of the first part, so that's just w prime of x times the
second part-- that's e to the w of x--
plus the first part-- that's w of x plus 1--
times the derivative of the second part.
So the second part is e to the w of x.
So that gives me an e to the w of x times w prime of x.
That's the chain rule.
So that's what happens when I differentiate
the left hand side.
And on the right hand side I take the derivative
of x and I get 1.
OK, good.

So now I've got this equation and I need to solve this
equation for w prime.
Because if you look up here, that's what I want.
I want a particular value of w prime.
And as always happens in implicit differentiation, from
the point of view of this w prime it's only involved in
the equation in a very simple way.
So there's it multiplied by functions of x and w of x, but
not, you know, it's just multiplied by something that
doesn't involve w prime at all.
And then here it's multiplied by something that doesn't
involve w prime at all.
So you can just collect your w prime's and divide through.
You know, it's just like solving a linear equation.
So here if we collect our w prime's, this is w prime of x
times-- looks like--
w of x plus 2 times e to the w of x.
Did I get that right?
Looks good.
OK, so that's still equal to 1.
So that means that w prime of x is just--
well, just, you know--
it's equal to 1 over w of x plus 2 times e to the w of x.
OK, so this is true for every x.
But I don't need this equation for every x.
I just need the particular value of w prime at 1.
So that's, so I'm going to take this equation, then, and
I'm just going to put in x equals 1.
So I put in x equals 1--
well, let me do it over here-- so I get w prime of 1.
And I just everywhere I had an x, I put in a 1.
So actually, in this equation the only place x appears is in
the argument of w.
So this is w of 1 plus 2 times e to the w of 1.
So in order to get w prime of 1 I need to
know what w of 1 is.
But I had that.
I had it, it was right back here.
There was, that was my hint to you.
Right, this is why we're using this point as a base point,
which is we know the value of w for this value of x.
So we take that value.
So w of 1 is 0.
So this is just 1 over--
well, 0 plus 2 is--
2, and e to the 0 is 1.
So it's just 1 over 2.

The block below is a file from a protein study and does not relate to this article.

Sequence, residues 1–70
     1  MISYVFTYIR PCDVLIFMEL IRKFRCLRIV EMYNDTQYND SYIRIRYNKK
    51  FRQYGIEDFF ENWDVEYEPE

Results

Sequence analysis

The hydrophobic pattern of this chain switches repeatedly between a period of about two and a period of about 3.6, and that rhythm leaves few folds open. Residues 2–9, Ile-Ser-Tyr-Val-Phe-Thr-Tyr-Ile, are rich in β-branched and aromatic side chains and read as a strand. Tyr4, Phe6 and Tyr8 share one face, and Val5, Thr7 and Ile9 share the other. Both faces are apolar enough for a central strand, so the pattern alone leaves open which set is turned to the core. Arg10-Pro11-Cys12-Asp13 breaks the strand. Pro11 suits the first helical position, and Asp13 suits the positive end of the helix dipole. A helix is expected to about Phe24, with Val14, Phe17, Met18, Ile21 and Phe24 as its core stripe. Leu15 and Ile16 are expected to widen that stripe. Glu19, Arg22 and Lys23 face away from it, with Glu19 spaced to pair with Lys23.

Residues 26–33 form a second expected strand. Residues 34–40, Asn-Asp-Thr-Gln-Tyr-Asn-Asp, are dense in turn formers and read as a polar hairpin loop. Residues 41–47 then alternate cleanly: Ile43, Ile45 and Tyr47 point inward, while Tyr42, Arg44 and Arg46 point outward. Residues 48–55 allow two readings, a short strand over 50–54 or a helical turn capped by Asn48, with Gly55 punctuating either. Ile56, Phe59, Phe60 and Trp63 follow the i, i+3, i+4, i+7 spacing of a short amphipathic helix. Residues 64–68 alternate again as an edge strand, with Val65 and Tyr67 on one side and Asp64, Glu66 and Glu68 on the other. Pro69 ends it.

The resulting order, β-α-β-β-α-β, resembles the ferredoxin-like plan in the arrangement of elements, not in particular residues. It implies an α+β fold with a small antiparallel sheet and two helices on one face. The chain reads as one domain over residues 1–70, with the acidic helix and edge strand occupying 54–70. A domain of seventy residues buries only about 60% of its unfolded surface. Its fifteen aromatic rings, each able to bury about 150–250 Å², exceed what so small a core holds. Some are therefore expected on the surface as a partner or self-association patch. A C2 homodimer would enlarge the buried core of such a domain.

Sorry, that's written a little oddly.
We can make it 2 times 1.
So 1 over 2.

So I take that back upstairs to this
equation that I had here.
And I have that w of x is approximately equal to w prime
of 1 times x minus 1.
So w of x is approximately equal to w prime of 1--
we saw is--
1/2 times x minus 1.

And that approximation was good near our base point.
So that's good when x is near 1.

All right.
And then, so this is the linear approximation.
And I asked for the linear approximation, its value at
the particular point, x equals 3/2.
So w of 3/2 is approximately 1/2 times--
well, 3/2 minus 1 is also 1/2--

so this is a quarter.
OK, so this is our estimate for w of 3/2.
w of 3/2 is approximately 1/4.
If you wanted a better estimate you could try
iterating this process.
Now you might have a, you know--
or choosing some base point even closer if you could
figure out the value of w and x near that, near this point
that you're interested in--
So just to sum up what we did was we had this implicitly
defined function w.
We wanted to estimate its value at a point where we
couldn't compute it explicitly.
So what we did was we did our normal linear
approximation method.
So we wrote down our normal linear approximation formula.
The only thing that was slightly unusual is that we
had to use implicit differentiation.
In order to compute the derivative that appears in the
linear approximation, we implicitly differentiated.
So that happened just like normal, and then at the end we
plugged in the values that we were interested in, to
actually compute the particular value of that
So I'll end there.